Bertram Benedict, 86, a retired editor and writer with Editorial Research Reports in Washington, died of cancer Sunday at Memorial Hospital in Easton, Md.
He joined Editorial Research Reports in 1929 to help change it from a weekly to a daily service. It had been founded in 1923 by the late Richard M. Boeckel to supply background facts on national and international issues to newspaper editors and writers, university and public libraries and federal government agencies.
Mr. Benedict became part-owner of the service in 1949. He retired in 1959, three years after the service became affiliated with the Congressional Quarterly.
He and his wife, Ruth, a former newspaper reporter, then realized a dream when they moved to a new home on Tabb's Creek on Antipoison Neck near White Stone in Tidewater Virginia.
There they had their boat and their own crab pot and oyster bar. While they continued to wriite for periodicals and newspapers, it was at their own pace. Stories were written about their happy transition from busy city to quiet country life.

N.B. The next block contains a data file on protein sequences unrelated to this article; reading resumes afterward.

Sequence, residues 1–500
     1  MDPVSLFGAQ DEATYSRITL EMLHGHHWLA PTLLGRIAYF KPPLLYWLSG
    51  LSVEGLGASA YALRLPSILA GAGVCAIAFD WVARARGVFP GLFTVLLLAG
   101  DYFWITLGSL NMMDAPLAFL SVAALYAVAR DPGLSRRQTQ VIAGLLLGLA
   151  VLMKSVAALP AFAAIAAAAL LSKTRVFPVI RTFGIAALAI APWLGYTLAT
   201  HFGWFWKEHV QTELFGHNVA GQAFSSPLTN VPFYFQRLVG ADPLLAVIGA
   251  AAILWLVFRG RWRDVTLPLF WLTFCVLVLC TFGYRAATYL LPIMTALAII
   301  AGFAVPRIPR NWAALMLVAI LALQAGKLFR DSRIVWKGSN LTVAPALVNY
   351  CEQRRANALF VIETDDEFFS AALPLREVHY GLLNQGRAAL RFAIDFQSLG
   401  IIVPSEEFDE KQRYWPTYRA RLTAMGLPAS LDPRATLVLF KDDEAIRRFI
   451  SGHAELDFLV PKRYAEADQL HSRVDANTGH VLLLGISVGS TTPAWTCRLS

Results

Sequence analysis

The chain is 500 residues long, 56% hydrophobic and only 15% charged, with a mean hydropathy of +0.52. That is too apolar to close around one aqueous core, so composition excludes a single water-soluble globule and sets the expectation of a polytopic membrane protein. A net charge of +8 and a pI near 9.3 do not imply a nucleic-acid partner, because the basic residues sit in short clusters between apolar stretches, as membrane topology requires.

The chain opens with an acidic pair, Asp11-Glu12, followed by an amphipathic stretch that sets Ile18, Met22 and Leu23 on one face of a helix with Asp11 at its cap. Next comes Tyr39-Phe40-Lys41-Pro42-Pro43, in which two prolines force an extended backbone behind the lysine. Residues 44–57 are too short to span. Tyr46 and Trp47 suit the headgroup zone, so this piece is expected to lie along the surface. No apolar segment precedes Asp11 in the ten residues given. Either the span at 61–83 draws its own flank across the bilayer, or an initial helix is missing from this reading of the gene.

Eight years later, in order to be closer to frienddsds in Washington and Baltimore, they moved to a home on the Tredavon River inn Oxford, Md., where they continued to boat and fish until about a year ago. Mr. Benedict remained an active bicyclist until last [TEXT OMITTED FROM SOURCE]
Born in Baltimore, he was a graduate of Johns Hopkins University, where he was elected to Phi Beta Kappa. He became a social worker in settlements in Pittsburgh and Syracuse and then moved to New York, where he joined the old Bureau of National Literature in 1917. There he wrote the two-volume "History of Great Wars" and edited "Messages and Papers of Presidents."
Mr. Benedict was the author of "The Larger Socialism," an examination of the weaknesses of the U.S. socialist movement, which was published by Macmillan in 1921. He contributed to The New York Times Sunday magazine and its book review section.
In addition, to his wife, of the home in Oxford, he is survived by a sister, Margaret B. Morrison, of Baltimore, and a brother, Howard S., of Tiburon, Calif.
The family suggests that expressions of sympathy may be in the form of contributions to Amnesty International USA, the American Friends Service Committee or Johns Hopkins University.